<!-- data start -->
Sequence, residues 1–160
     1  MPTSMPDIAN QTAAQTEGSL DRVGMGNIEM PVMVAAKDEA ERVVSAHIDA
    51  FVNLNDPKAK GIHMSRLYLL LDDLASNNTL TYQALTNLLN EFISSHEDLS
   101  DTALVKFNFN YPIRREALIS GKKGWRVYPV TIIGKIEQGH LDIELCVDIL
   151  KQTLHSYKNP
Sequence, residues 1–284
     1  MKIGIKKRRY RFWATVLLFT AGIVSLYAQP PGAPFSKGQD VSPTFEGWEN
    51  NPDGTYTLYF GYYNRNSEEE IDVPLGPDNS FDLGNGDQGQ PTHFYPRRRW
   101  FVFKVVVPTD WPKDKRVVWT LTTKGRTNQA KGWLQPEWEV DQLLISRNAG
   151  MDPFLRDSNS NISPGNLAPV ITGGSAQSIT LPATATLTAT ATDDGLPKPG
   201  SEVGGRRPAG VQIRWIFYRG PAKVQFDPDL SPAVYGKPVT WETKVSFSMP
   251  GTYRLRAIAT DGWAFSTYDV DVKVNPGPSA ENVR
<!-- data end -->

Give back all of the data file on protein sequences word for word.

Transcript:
Sequence, residues 1–160
     1  MPTSMPDIAN QTAAQTEGSL DRVGMGNIEM PVMVAAKDEA ERVVSAHIDA
    51  FVNLNDPKAK GIHMSRLYLL LDDLASNNTL TYQALTNLLN EFISSHEDLS
   101  DTALVKFNFN YPIRREALIS GKKGWRVYPV TIIGKIEQGH LDIELCVDIL
   151  KQTLHSYKNP
Sequence, residues 1–284
     1  MKIGIKKRRY RFWATVLLFT AGIVSLYAQP PGAPFSKGQD VSPTFEGWEN
    51  NPDGTYTLYF GYYNRNSEEE IDVPLGPDNS FDLGNGDQGQ PTHFYPRRRW
   101  FVFKVVVPTD WPKDKRVVWT LTTKGRTNQA KGWLQPEWEV DQLLISRNAG
   151  MDPFLRDSNS NISPGNLAPV ITGGSAQSIT LPATATLTAT ATDDGLPKPG
   201  SEVGGRRPAG VQIRWIFYRG PAKVQFDPDL SPAVYGKPVT WETKVSFSMP
   251  GTYRLRAIAT DGWAFSTYDV DVKVNPGPSA ENVR